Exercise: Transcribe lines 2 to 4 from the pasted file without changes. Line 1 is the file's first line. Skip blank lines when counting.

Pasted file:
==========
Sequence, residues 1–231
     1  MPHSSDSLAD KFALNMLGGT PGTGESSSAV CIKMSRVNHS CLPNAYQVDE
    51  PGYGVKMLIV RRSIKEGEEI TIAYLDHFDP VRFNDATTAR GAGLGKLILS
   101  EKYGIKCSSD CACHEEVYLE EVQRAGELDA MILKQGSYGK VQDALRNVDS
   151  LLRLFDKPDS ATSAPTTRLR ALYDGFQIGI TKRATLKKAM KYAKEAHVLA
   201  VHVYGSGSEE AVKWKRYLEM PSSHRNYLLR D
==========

     1  MPHSSDSLAD KFALNMLGGT PGTGESSSAV CIKMSRVNHS CLPNAYQVDE
    51  PGYGVKMLIV RRSIKEGEEI TIAYLDHFDP VRFNDATTAR GAGLGKLILS
   101  EKYGIKCSSD CACHEEVYLE EVQRAGELDA MILKQGSYGK VQDALRNVDS